University of Arkansas, Fayetteville Division of Agriculture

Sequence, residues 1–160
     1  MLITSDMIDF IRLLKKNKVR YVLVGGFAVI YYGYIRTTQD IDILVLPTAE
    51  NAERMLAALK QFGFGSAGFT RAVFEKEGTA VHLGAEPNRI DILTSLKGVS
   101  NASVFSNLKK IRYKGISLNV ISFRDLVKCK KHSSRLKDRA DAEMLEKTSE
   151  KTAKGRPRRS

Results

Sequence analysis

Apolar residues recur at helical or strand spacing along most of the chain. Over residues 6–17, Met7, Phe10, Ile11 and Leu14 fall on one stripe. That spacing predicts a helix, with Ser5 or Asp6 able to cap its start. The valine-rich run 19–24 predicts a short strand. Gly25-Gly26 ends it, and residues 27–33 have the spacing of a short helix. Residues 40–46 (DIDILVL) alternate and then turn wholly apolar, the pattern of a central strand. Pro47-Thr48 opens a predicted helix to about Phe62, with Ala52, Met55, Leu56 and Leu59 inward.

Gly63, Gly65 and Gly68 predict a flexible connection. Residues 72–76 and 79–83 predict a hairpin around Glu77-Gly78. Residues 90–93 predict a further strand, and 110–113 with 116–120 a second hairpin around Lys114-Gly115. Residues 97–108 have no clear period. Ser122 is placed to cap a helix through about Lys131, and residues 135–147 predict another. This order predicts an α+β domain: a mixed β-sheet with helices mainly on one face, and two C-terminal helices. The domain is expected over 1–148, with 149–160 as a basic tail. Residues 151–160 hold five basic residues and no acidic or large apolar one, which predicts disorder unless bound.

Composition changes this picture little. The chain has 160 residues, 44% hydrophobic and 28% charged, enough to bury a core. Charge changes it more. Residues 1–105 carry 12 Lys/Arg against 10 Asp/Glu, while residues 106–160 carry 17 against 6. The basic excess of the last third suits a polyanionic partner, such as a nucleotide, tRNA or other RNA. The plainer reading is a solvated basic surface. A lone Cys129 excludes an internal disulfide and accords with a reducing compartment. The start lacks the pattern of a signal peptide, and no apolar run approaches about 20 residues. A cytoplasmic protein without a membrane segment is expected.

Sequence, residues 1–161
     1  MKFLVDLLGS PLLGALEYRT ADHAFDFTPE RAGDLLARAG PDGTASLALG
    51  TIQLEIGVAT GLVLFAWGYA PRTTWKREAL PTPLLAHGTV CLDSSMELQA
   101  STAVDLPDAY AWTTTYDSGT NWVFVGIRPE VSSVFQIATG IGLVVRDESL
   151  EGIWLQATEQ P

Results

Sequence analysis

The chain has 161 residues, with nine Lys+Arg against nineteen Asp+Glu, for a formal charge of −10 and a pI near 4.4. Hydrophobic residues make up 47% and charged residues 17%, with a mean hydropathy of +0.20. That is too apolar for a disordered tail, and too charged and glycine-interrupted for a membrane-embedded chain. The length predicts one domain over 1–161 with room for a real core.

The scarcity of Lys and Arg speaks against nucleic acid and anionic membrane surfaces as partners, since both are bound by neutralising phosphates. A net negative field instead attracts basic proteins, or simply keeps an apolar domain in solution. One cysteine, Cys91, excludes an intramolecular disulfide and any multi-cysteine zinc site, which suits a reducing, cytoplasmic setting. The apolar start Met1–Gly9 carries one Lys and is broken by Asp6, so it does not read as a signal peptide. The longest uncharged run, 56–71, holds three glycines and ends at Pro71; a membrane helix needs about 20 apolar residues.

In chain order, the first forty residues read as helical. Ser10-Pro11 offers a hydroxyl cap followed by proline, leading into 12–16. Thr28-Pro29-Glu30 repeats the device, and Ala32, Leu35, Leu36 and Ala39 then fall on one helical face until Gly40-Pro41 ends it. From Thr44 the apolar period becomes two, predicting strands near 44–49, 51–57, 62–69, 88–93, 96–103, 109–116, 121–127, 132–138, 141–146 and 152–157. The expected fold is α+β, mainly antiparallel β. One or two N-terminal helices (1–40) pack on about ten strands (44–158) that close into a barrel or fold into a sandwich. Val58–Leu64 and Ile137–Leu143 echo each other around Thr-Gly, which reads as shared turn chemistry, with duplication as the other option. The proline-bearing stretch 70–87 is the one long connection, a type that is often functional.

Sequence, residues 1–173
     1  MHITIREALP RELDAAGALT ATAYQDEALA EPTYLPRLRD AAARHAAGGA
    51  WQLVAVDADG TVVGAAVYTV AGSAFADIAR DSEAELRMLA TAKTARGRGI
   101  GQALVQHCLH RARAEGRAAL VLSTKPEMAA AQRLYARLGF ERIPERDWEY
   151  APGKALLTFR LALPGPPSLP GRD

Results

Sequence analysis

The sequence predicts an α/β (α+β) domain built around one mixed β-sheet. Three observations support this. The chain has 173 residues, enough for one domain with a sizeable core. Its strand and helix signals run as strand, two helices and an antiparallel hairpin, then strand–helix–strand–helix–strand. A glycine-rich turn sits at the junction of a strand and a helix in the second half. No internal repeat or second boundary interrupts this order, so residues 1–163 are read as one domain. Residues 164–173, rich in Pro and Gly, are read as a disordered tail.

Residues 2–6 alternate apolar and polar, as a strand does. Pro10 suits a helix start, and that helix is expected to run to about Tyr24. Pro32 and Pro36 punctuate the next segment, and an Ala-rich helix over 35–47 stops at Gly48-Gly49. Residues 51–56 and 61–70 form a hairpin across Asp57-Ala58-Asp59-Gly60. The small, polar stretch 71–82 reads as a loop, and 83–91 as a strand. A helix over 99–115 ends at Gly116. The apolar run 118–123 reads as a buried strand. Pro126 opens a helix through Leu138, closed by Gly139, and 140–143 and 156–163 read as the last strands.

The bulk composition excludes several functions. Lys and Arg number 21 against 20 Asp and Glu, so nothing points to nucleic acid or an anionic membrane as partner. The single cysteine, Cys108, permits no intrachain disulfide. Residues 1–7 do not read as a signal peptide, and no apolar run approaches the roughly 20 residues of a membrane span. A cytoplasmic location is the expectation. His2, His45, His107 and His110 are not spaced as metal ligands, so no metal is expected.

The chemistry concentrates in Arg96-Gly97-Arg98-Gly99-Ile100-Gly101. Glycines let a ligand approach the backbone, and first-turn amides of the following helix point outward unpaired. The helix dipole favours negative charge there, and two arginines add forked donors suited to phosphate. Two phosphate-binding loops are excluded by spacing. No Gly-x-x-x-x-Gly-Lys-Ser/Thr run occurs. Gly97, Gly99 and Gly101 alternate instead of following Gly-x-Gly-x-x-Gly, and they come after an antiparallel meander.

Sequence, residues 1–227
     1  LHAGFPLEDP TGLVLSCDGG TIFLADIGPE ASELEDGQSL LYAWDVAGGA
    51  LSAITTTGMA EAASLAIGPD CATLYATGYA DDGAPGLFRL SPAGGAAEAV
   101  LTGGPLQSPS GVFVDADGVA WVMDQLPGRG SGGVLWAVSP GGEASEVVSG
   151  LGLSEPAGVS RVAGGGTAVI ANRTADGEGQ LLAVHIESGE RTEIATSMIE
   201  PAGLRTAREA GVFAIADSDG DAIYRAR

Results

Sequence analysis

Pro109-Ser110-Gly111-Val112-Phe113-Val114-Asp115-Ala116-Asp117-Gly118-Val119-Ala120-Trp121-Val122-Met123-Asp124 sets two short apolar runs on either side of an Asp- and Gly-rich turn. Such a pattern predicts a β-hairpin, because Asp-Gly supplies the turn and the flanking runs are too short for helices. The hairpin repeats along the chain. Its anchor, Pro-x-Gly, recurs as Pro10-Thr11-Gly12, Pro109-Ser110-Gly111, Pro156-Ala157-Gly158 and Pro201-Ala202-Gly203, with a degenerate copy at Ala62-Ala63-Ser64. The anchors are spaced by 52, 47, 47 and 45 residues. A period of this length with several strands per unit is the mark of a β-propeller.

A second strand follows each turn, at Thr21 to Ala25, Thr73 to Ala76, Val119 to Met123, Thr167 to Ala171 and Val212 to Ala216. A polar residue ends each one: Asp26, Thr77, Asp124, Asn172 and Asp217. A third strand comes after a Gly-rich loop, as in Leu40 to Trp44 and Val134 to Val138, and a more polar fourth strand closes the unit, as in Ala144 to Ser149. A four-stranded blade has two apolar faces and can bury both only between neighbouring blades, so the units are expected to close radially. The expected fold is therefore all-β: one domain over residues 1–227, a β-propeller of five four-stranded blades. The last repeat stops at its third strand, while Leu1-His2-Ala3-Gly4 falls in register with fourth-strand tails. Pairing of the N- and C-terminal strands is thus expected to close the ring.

This study compared the performance, fuel efficiency, and exhaust emissions of a 2.61 kW engine fueled with regular unleaded gasoline (87 octane) and an 85% ethanol blend (E85) under two load conditions. Four 1-h tests were conducted with each fuel at both governor’s maximum (3400 rpm) and peak torque (2800 rpm) conditions for a total of 16 tests. At governor’s maximum engine speed, there were no significant differences (p>0.05) between fuels for engine torque, power, specific carbon dioxide (sCO2 ), specific carbon monoxide (sCO), specific hydrocarbons (sHC), or specific oxides of nitrogen (sNOX) emissions. However, there was a significant difference in specific fuel consumption and specific dioxide (sO2 ) emissions with E85 requiring the consumption of more fuel and emitting fewer oxide gases. Under peak-torque test conditions, there were significant differences by fuel for power, torque, and specific fuel consumption, as ethanol required more fuel while developing less power and torque when compared to gasoline. There were no significant differences by fuel type in sCO2 , sCO, sHC, sO2 , or sNOX emissions. The results indicate that performance was similar when the engine was fueled by regular unleaded gasoline or E85 under rated engine-speed conditions; however, the ethanol-fueled engine produced significantly less power and torque under peak torque testing conditions. In both testing conditions, specific fuel consumption was significantly higher with E85.